Environment Breaking news on the environment, climate change, pollution, and endangered species. Also featuring Climate Connections, a special series on climate change co-produced by NPR and National Geographic.

Environment

Anne Schauer-Gimenez (from left) Allison Pieja and Molly Morse of Mango Materials stand next to the biopolymer fermenter at a sewage treatment plant next to San Francisco Bay. The fermenter feeds bacteria the methane they need to produce a biological form of plastic. Chris Joyce/NPR hide caption

toggle caption
Chris Joyce/NPR

Replacing Plastic: Can Bacteria Help Us Break The Habit?

  • Download
  • <iframe src="https://www.npr.org/player/embed/728599455/733317729" width="100%" height="290" frameborder="0" scrolling="no" title="NPR embedded audio player">
  • Transcript

The Gulf Of Mexico's Expanding Dead Zone

  • Download
  • <iframe src="https://www.npr.org/player/embed/733158485/733158486" width="100%" height="290" frameborder="0" scrolling="no" title="NPR embedded audio player">
  • Transcript

High Flooding On Lake Ontario And St. Lawrence River

  • Download
  • <iframe src="https://www.npr.org/player/embed/732992618/732992619" width="100%" height="290" frameborder="0" scrolling="no" title="NPR embedded audio player">
  • Transcript

A coyote runs down the road in Wyoming's Yellowstone National Park. In 2018, more than 68,000 coyotes were killed in the U.S., including 5,600 just in Wyoming, under an Agriculture Department program. Karen Bleier/AFP/Getty Images hide caption

toggle caption
Karen Bleier/AFP/Getty Images

Killing Coyotes Is Not As Effective As Once Thought, Researchers Say

  • Download
  • <iframe src="https://www.npr.org/player/embed/730056855/732383424" width="100%" height="290" frameborder="0" scrolling="no" title="NPR embedded audio player">

New Orleans Sues Big Oil

  • Download
  • <iframe src="https://www.npr.org/player/embed/732628166/732628167" width="100%" height="290" frameborder="0" scrolling="no" title="NPR embedded audio player">
  • Transcript

The Flint Water Plant tower in Flint, Mich., where drinking water became tainted after the city switched from the Detroit system and began drawing from the Flint River in April 2014 to save money. Carlos Osorio/AP hide caption

toggle caption
Carlos Osorio/AP

A comparison of how the old and upgraded U.S. global weather forecast models predicted the "bomb cyclone" that hit the Northeast U.S. in January 2018. The old NOAA model (left) estimated a smaller amount of snowfall than what actually happened (right). The updated model (middle) was more accurate. NOAA/Screenshot by NPR hide caption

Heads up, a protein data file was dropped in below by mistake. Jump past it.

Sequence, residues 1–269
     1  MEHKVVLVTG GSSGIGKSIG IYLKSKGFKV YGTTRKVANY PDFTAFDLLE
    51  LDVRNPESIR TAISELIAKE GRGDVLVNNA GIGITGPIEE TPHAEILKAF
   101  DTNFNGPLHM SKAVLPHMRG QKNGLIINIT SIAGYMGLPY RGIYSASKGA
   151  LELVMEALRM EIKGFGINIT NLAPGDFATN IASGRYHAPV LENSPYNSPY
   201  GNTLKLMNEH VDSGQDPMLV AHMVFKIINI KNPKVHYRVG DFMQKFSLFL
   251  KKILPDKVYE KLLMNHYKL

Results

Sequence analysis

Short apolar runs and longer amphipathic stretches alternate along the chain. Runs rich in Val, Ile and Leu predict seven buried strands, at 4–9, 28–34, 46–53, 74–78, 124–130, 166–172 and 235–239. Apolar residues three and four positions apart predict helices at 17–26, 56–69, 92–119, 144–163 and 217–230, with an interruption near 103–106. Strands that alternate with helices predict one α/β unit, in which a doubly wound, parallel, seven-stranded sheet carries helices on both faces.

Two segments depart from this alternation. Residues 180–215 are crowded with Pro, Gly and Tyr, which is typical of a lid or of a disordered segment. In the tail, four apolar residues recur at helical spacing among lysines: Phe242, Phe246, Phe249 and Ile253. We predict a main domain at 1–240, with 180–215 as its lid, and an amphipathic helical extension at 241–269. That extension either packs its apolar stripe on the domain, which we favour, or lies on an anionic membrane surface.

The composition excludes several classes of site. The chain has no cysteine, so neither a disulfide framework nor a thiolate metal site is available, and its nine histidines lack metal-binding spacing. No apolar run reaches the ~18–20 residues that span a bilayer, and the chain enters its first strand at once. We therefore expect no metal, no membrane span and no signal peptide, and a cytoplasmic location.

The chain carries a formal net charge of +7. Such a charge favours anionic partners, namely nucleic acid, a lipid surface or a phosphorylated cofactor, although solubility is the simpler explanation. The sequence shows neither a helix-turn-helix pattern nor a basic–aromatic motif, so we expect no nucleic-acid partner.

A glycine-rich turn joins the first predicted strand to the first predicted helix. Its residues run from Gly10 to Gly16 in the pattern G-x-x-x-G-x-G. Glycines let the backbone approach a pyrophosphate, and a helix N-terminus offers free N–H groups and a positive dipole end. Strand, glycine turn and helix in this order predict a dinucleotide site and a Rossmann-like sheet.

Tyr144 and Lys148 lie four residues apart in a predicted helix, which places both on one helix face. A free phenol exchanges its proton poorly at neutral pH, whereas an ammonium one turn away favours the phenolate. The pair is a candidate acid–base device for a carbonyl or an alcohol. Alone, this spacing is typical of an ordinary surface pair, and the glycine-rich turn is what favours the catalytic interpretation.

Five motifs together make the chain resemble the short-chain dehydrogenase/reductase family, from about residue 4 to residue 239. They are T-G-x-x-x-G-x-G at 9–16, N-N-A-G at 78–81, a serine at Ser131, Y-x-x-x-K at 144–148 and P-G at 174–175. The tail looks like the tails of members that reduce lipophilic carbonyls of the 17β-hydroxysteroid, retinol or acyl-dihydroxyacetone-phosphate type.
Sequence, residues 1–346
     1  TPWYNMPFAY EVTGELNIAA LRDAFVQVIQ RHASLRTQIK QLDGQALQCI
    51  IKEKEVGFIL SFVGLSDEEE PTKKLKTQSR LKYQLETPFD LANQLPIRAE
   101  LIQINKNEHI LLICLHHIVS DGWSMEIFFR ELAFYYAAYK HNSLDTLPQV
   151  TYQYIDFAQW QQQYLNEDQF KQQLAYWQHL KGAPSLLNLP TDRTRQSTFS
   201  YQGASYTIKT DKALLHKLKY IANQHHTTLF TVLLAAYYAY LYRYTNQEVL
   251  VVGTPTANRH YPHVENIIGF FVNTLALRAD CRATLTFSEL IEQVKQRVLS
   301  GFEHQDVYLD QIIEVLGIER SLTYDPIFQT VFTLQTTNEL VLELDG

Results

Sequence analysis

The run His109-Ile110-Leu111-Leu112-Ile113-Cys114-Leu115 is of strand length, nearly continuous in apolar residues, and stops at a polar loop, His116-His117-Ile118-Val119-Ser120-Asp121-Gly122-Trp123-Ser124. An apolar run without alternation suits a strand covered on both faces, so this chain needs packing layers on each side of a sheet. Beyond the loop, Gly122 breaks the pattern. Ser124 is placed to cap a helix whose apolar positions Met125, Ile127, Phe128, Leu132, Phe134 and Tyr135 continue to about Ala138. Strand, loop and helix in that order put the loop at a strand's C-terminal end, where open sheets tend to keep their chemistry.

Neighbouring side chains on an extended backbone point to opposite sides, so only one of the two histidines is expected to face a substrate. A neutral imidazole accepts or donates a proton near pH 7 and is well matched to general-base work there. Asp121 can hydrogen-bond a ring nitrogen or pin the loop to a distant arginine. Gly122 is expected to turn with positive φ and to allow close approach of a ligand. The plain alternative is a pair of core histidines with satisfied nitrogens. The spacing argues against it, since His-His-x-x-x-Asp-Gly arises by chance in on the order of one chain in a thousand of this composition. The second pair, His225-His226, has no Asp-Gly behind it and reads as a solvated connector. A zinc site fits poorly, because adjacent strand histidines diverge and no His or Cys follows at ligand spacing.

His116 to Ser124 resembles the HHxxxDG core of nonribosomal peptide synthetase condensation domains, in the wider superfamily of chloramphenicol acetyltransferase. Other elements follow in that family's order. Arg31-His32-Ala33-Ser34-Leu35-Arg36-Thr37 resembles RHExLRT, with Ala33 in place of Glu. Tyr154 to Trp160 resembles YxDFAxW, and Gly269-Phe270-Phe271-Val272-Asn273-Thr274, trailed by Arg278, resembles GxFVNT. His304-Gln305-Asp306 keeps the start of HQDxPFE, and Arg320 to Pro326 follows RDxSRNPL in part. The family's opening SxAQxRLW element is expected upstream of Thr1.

toggle caption
NOAA/Screenshot by NPR

Federal Land Managers Propose Rule Change To Fast Track Forest Management Projects

  • Download
  • <iframe src="https://www.npr.org/player/embed/732120215/732120218" width="100%" height="290" frameborder="0" scrolling="no" title="NPR embedded audio player">
  • Transcript

Wildland Firefighters Face Growing Danger As Fires Increase In Intensity, Frequency

  • Download
  • <iframe src="https://www.npr.org/player/embed/732120182/732120183" width="100%" height="290" frameborder="0" scrolling="no" title="NPR embedded audio player">
  • Transcript

F/A-18 Super Hornet is launched by a steam-powered catapult off the USS Theodore Roosevelt during naval exercises in the Gulf of Alaska. Zachariah Hughes/Alaska Public Media hide caption

toggle caption
Zachariah Hughes/Alaska Public Media

A logger cuts a large fir tree in the Umpqua National Forest near Oakridge, Ore. Federal land managers are proposing a sweeping rule change that could expand commercial logging on Forest Service land. Don Ryan/AP hide caption

toggle caption
Don Ryan/AP
Jupiterimages/Getty Images

Why Food Reformers Have Mixed Feelings About Eco-Labels

  • Download
  • <iframe src="https://www.npr.org/player/embed/729596822/731927909" width="100%" height="290" frameborder="0" scrolling="no" title="NPR embedded audio player">
  • Transcript

Firefighters who work on wildland fires and prescribed burns (shown here) can be exposed to high levels of harmful smoke. Jes Burns/OPB hide caption

toggle caption
Jes Burns/OPB

Wildlife Biologists Disagree On The Most Effective Way To Control Coyotes

  • Download
  • <iframe src="https://www.npr.org/player/embed/731385447/731385448" width="100%" height="290" frameborder="0" scrolling="no" title="NPR embedded audio player">
  • Transcript